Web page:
By FREDERIC J. FROMMER Associated Press Writer
WASHINGTON (AP) - The congressman-lead singer had a question for the guest keyboardist at the all-congressional band gig Wednesday night.
"You know 'Brown Sugar'"? asked Rep. Collin Peterson, a Minnesota Democrat.
"I think I can handle that," replied Chuck Leavell, the Rolling Stones keyboardist.
And a little while later, they both took the stage with Peterson's band, the Second Amendments, at a Capitol Hill party to celebrate recent passage of a $290 billion farm bill, which Peterson helped usher through as chairman of the House Agriculture Committee.
Leavell, whose new album is "Live in Germany," filled in for regular keyboard player, Rep. Jon Porter, R-Nev., for a couple of numbers: "Brown Sugar," long a Stones standard, plus a Little Richard medley before Porter resumed his spot.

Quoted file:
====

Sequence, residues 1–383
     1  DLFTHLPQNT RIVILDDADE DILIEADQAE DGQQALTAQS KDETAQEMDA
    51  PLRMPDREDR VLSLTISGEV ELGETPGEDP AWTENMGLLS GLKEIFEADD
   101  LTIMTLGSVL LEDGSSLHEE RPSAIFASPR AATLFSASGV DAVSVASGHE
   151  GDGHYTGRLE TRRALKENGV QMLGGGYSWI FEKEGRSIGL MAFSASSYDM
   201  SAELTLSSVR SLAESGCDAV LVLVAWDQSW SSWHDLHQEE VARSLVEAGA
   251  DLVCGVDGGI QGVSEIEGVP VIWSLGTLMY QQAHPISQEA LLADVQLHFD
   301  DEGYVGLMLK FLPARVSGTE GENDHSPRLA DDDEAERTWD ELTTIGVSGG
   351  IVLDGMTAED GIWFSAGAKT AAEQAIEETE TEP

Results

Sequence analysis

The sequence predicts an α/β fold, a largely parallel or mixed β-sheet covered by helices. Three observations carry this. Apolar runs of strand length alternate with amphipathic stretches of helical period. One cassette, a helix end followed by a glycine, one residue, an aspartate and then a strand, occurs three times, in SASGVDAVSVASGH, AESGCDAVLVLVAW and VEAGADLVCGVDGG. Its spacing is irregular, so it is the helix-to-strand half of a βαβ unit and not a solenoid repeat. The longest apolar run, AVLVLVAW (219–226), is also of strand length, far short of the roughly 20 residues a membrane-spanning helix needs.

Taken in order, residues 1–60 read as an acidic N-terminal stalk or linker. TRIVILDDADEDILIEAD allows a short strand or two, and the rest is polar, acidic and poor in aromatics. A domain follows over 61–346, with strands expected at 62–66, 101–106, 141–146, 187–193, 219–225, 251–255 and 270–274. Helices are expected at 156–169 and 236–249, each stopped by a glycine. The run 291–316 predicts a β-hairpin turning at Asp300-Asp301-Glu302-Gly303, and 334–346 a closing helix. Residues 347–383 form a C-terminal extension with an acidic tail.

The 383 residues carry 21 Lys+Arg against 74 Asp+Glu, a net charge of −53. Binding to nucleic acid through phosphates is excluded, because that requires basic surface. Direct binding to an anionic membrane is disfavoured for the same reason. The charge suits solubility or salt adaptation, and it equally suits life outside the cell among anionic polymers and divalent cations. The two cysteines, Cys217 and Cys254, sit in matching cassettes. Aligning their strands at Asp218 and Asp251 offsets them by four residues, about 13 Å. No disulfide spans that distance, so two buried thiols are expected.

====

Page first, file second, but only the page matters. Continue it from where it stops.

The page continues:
Leavell, a noted conservationist who owns a tree farm in Georgia, had lobbied Peterson for forest conservation provisions in the farm bill. Leavell recalled in an interview that during their meeting, Peterson had suggested, "Man, if you're ever around, play with us, sit in with us."
"I thought it was pretty darn cool that a congressman had a band," Leavell said.
Leavell has played for the Stones for 25 years, and has been a keyboardist for artists such as the Allman Brothers Band, Eric Clapton and George Harrison. But Wednesday night's gig, in the House Agriculture Committee hearing room, was a first.
"That was a hoot," he said. "It was a wild and wacky thing to be playing with a bunch of congressmen. This couldn't have worked out better."
The band also includes Reps. Kenny Hulshof, R-Mo., on drums; Thaddeus McCotter, R-Mich., lead guitar, and Dave Weldon, R-Fla., on bass.